Rackham's Fairies, Elves and Goblins: More than 80 Full-Color Illustrations
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Through his extraordinarily drawn interpretations of favorite fairy tales and fantastic literature, Arthur Rackham (1867�1939) remains an enduring legend of the Victorian era's Golden Age of Illustration. Rackham took the printing developments of the early twentieth century further than any other artist of his time, masterfully manipulating the latest color processes. At once a technical and artistic genius, Rackham had few equals when it came to the use of muted color, ambience, and expressive lines.
This magnificent collection displays more than eighty of Arthur Rackham's most beguiling illustrations. These phantasmagoric renderings spring from such literary legends as Rip Van Winkle, A Midsummer Night's Dream, Alice's Adventures in Wonderland, Aesop's Fables, Puck of Pook's Hill, Peter Pan in Kensington Gardens, and A Wonder Book. From the loveliest fairy to the most grotesque goblin, Rackham's art captures the wonder, innocence, and adventure that forever stir the human heart.
environmental laws and eliminates the need for international freight shipping, a major contributor to global air pollution. And printing on recycled paper helps minimize our consumption of trees, water and fossil fuels. The text ot Rackham’s Fairies, Elves and Goblins was printed on paper made with 10% post-consumer waste, and the cover was printed on paper made with 10% post-consumer waste. According to Environmental Defense’s Paper Calculator, by using this innovative paper instead of
they never meet in grove or green, By fountain clear, or spangled starlight sheen But they do square 20 Fairies, away! We shall chide downright, if I longer stay A MIDSUMMER-NIGHT’S DREAM by William Shakespeare (continued) 21 Come, now a roundel 22 Some war with rere-mice for their leathern wings 23 To make my small elves coats 24 One aloof stand sentinel 25 I will sing, that they shall hear I am not afraid 26 Enter Peaseblossom, Cobweb, Moth, and Mustardseed 27 . . . and her fairy sent To bear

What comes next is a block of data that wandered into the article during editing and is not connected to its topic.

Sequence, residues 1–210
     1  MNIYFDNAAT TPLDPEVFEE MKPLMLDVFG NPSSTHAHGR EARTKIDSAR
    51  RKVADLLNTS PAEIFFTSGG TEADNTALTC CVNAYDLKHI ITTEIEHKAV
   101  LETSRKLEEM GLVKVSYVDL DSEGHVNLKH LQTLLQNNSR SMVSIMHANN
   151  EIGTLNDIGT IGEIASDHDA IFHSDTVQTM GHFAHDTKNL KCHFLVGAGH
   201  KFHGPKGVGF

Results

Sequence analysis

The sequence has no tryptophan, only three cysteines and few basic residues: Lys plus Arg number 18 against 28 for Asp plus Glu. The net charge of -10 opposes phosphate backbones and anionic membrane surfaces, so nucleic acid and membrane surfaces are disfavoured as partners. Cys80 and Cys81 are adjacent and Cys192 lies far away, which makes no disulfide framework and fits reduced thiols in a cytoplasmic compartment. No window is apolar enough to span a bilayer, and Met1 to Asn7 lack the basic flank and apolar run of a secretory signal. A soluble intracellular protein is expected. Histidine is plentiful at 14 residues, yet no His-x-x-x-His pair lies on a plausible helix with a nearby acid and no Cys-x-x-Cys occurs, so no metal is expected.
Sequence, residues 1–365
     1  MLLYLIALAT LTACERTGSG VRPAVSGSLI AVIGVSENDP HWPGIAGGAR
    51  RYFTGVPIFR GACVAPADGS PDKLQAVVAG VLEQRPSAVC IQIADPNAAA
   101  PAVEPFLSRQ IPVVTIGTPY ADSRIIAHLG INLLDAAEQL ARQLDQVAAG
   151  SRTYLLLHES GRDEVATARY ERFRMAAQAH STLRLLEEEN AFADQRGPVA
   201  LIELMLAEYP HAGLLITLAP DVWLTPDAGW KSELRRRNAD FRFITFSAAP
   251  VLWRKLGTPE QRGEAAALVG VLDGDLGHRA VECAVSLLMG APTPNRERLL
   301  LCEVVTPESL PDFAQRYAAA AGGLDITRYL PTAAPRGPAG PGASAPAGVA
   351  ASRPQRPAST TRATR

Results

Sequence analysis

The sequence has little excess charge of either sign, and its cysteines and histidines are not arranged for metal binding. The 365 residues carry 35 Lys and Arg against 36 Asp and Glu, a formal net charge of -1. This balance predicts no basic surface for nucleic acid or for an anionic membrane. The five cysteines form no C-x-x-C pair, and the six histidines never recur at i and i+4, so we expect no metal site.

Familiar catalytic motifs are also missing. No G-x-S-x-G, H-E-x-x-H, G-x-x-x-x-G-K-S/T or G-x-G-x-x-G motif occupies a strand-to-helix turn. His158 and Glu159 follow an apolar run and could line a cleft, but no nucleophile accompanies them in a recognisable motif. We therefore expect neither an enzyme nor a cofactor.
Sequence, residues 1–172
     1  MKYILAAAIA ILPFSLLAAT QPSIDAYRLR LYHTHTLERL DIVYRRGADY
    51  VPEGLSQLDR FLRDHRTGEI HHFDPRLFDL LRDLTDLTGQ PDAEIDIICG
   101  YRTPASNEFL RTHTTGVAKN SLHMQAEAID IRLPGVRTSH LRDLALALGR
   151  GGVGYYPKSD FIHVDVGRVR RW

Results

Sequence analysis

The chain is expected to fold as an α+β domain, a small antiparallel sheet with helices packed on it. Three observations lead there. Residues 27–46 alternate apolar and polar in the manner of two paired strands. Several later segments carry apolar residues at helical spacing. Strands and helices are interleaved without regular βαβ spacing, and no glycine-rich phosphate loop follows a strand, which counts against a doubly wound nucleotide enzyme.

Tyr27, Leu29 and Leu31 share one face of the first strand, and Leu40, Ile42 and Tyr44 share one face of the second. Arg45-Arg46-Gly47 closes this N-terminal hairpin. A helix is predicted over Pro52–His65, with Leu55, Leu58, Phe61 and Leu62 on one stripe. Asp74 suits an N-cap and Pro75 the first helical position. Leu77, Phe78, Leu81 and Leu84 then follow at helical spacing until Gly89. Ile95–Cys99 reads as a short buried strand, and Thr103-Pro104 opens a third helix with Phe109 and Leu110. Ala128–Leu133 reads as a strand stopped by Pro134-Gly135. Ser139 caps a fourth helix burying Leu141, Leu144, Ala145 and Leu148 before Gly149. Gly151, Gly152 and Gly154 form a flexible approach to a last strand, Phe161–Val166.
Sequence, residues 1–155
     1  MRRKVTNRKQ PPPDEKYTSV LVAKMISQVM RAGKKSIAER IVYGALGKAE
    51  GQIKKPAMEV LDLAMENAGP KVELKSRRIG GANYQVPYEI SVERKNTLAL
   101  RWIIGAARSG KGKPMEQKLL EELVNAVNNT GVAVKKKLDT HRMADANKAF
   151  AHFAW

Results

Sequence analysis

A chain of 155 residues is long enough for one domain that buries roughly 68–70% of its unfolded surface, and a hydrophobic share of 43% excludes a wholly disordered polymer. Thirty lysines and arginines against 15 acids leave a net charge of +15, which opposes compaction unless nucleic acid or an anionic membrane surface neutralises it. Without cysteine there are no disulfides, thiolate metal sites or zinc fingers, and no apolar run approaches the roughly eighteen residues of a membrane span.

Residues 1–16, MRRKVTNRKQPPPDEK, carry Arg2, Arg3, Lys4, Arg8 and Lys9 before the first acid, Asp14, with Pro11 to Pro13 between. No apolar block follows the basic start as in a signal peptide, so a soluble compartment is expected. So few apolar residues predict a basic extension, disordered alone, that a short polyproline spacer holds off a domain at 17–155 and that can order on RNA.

themselves more comely than before. 68 They come in making a riotous and unruly noise. 69 Calling shapes, and beckoning shadows dire. 70 Blew meager Hag, or stubborn unlaid ghost That breaks his magick chains at curfeu time 71 No goblin, or swart faery of the mine, Hath hurtfull power o’re true virginity. 72 The wonted roar was up amidst the Woods, And fill’d the Air with barbarous dissonance 73 The Water Nymphs, that in the bottom plaid, Held up their pearled wrists and took her in. 74 By all
“Go!” she says, “Go with my Leave an’ Goodwill.” The Pool of Tears Why, Mary Ann, what are you doing here? If Orpheus first produced the Waltz They’s such very odd heads and such very odd tales ... the moon, like to a silver bow New-bent in heaven And now they never meet in grove or green, By fountain clear, or spangled starlight sheen But they do square Fairies, away! We shall chide downright, if I longer stay Come, now a roundel Some war with rere-mice for their leathern wings To make
old gentleman who wandered all day in the gardens. When he heard Peter’s voice he popped in alarm behind a tulíp. These tricky fairies sometimes change the board on a ball night. When her Majesty wants to know the tíme. Peter Pan is the fairies’ orchestra. A chrysanthemum heard her, and said pointedly, “Hoity-toity, what is this?” Fairies never say, “We feel happy”; what they say is, “We feel dancey.” Building the house for Maimie. The fir-tree and the Bramble The Travellers and the